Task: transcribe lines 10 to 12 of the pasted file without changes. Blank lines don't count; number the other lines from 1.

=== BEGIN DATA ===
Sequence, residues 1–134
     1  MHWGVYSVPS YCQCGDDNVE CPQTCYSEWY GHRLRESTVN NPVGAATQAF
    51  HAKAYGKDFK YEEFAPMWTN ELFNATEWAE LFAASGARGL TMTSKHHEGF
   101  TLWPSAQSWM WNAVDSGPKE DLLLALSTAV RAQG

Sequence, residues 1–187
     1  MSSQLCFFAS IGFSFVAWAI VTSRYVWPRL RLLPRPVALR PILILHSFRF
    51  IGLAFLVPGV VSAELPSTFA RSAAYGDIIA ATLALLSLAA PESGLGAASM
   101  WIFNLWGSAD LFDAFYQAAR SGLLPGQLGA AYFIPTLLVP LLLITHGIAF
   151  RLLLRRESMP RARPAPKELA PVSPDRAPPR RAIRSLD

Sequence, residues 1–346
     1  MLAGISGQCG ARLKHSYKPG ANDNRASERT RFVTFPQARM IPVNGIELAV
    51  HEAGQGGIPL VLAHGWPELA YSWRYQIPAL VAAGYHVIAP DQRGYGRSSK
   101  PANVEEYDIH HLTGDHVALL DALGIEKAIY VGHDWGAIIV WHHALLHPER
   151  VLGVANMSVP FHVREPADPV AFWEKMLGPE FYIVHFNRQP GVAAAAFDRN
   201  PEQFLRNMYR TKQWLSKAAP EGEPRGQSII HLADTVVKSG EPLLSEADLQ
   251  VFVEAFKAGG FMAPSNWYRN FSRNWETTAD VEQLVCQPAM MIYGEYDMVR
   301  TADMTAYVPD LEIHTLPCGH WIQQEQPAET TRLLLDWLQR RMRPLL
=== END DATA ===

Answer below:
Sequence, residues 1–346
     1  MLAGISGQCG ARLKHSYKPG ANDNRASERT RFVTFPQARM IPVNGIELAV
    51  HEAGQGGIPL VLAHGWPELA YSWRYQIPAL VAAGYHVIAP DQRGYGRSSK